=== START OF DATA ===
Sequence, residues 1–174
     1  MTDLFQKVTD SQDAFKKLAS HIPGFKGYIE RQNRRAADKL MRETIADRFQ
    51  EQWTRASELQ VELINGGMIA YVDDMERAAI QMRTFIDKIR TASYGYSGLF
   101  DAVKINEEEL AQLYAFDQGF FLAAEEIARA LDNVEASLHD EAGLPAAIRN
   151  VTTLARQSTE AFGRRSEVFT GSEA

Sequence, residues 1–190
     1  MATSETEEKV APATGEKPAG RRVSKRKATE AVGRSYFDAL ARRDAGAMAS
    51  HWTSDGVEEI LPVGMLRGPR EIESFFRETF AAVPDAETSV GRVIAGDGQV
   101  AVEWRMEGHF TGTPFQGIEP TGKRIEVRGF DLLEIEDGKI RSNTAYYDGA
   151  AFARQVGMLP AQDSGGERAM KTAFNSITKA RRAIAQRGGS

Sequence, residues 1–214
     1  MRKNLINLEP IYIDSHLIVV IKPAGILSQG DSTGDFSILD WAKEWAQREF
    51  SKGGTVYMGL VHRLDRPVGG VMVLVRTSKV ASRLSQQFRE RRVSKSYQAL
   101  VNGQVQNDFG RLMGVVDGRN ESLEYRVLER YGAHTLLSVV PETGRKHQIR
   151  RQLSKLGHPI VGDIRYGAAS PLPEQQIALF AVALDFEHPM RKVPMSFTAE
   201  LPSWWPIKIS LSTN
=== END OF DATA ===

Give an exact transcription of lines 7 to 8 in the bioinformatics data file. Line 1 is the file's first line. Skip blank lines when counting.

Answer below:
     1  MATSETEEKV APATGEKPAG RRVSKRKATE AVGRSYFDAL ARRDAGAMAS
    51  HWTSDGVEEI LPVGMLRGPR EIESFFRETF AAVPDAETSV GRVIAGDGQV